Renewable Energy Systems halts construction of biomass power station at Port of Blyth in Northumberland, UK, citing withdrawal of project partner in late 2013, inconsistency of government support for bioenergy
HERTFORDSHIRE, United Kingdom
March 6, 2014
– British independent renewable energy developer RES has today announced it is ceasing work on its biomass power station project at the Port of Blyth in Northumberland.
RES’ decision follows the withdrawal of a key project partner in late 2013 due to ongoing uncertainty in UK energy policy. The Government’s inconsistent support for dedicated biomass energy over the last two years - as well as increased uncertainty over the UK’s energy policy under the Government’s Electricity Market Reform process - has critically undermined the investment case for the North Blyth Biomass Power Station.
The decision to end the biomass power station project means the loss of hundreds of millions of pounds of investment into the Blyth estuary and wider Northumberland economy. The 300 construction job opportunities and 50 full time, long-term operational jobs at the plant and annual Community Benefit Fund will also be lost.
The project would have brought a long-term partnership with the Port of Blyth in terms of fuel transport, handling and occupancy, helping to secure further growth of this important employer and economic engine of the region. It would also have provided a magnet for economic growth in Northumberland and the North East region.
RES’ Chief Operating Officer for the UK Gordon MacDougall stated:
“Despite the support the project enjoys locally due to the significant benefits it would bring to the local and regional economy, the North Blyth Biomass Power Station currently faces insurmountable investment barriers due to uncertain Government energy policy.
“It’s bitterly disappointing for RES that we are unable to bring this exciting project forward, and deliver the significant boost it would have represented for the Blyth and Northumberland economy. However, the gradual erosion of support for dedicated biomass leaves us with no other option.”
Although there is great potential for dedicated biomass to provide significant low carbon, base load power, the technology has been increasingly marginalised by the UK Government in a series of policy developments over the last two years, including the introduction of a cap on dedicated biomass under the Renewables Obligation (RO). The cap represents a radical downsizing in Government ambition for the technology from a target of 4,000 megawatts (MW) in 2011 to a cap of 400MW in 2013, long after the industry had invested significant sums in developing projects on the back of DECC ambitions.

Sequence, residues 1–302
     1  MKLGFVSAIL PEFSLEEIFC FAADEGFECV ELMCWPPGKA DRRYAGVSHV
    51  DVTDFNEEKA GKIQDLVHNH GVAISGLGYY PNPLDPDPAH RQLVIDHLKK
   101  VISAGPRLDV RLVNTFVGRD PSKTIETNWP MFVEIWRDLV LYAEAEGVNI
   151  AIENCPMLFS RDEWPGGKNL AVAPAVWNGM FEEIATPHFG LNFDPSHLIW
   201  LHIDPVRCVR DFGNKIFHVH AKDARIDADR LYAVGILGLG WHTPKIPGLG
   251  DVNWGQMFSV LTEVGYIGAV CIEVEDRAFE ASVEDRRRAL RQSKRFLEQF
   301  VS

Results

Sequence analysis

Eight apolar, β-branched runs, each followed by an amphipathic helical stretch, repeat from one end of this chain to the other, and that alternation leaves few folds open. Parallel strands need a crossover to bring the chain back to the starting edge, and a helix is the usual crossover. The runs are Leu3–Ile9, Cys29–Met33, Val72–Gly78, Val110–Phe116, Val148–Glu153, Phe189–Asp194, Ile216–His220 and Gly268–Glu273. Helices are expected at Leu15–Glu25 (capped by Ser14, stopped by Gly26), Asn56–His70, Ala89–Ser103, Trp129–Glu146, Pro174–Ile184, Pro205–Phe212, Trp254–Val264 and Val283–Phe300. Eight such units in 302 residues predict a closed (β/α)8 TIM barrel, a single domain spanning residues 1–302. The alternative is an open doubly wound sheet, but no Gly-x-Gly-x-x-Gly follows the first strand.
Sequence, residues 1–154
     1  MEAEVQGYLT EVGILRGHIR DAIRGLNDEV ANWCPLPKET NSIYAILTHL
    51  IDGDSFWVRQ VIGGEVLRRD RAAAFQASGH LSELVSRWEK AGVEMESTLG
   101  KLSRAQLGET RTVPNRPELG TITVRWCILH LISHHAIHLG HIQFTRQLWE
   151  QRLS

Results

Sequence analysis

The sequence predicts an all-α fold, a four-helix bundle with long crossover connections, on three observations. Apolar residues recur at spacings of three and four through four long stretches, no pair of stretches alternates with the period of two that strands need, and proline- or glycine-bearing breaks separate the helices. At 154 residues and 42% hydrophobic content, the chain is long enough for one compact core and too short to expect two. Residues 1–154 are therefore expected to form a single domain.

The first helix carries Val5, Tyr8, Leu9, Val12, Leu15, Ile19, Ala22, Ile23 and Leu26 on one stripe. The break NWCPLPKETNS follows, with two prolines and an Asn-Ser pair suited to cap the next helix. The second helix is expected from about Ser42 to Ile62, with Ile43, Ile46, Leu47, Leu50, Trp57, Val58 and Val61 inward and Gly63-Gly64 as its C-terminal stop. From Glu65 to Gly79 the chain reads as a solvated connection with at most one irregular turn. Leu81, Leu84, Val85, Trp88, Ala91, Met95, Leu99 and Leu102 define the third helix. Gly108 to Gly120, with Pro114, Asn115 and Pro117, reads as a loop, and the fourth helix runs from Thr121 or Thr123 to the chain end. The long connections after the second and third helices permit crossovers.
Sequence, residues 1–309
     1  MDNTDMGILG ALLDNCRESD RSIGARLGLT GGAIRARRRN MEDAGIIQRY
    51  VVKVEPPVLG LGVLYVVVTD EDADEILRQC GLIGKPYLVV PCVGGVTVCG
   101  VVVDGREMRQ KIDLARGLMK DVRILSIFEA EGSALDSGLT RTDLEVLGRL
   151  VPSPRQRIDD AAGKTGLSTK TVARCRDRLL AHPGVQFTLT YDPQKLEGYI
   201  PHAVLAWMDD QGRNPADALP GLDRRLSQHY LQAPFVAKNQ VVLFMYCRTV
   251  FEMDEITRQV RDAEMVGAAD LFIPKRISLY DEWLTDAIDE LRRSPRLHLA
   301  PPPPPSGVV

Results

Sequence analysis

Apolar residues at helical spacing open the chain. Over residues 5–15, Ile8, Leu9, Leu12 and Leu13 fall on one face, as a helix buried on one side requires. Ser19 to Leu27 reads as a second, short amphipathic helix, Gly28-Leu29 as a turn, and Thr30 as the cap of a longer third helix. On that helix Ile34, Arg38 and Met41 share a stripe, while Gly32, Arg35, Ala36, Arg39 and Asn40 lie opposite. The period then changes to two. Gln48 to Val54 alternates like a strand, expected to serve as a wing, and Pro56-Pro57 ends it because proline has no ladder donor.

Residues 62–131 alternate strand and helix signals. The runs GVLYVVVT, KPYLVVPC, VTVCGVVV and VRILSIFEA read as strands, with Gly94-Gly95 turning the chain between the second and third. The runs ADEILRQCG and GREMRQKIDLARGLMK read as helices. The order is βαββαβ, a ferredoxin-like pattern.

RES’ announcement also places sharp focus on the Government’s commitment to renewable energy and independent generators, at a time when the cost of fossil fuels and nuclear energy, and the unknown potential of shale gas, present long term uncertainties for consumers. In addition, the Government’s preference for the conversion of existing coal fired power stations to biomass over dedicated biomass generating capacity is at odds with the urgent need to bridge the looming capacity crunch in the UK energy system.
RES calls upon the Government to clarify its support for renewable energy as a vital part of the UK energy mix, reducing our dependency on costly fossil fuel imports and insulating consumers against price hikes. This is essential in order to ensure that independent generators and major investors alike have the certainty needed to continue investing in UK energy infrastructure.
Gordon MacDougall concluded:
“RES is grateful for the support we have received from stakeholders including the local community, Northumberland County Council, Environment Agency and project partners such as the Port of Blyth. However as the UK’s energy policy currently stands, we cannot make an investment case to take this project forward.
“This is a reminder to Government that, without a consistent approach to energy policy, investors and developers will be deterred from delivering the billions of pounds needed to ensure the nation’s energy infrastructure is able to keep the lights on and secure cost effective electricity for British homes and businesses.”